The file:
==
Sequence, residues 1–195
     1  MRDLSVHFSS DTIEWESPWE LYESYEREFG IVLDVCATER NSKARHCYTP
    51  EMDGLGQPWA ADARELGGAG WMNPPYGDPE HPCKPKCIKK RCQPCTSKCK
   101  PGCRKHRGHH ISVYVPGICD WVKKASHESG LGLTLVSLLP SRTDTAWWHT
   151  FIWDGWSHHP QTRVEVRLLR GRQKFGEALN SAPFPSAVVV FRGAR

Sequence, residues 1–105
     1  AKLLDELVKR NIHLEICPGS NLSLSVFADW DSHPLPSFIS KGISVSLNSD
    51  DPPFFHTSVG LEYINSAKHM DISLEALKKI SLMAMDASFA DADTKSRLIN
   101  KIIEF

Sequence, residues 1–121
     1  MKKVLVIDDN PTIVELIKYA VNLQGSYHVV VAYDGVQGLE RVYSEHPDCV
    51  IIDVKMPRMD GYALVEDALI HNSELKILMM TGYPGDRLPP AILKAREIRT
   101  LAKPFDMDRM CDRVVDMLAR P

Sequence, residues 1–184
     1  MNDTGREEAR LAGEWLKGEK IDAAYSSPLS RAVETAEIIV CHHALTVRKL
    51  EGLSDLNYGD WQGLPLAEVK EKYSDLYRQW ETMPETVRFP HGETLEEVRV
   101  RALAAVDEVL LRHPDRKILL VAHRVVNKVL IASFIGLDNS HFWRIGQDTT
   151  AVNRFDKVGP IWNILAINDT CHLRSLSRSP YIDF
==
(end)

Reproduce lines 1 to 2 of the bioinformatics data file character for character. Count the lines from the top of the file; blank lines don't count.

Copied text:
Sequence, residues 1–195
     1  MRDLSVHFSS DTIEWESPWE LYESYEREFG IVLDVCATER NSKARHCYTP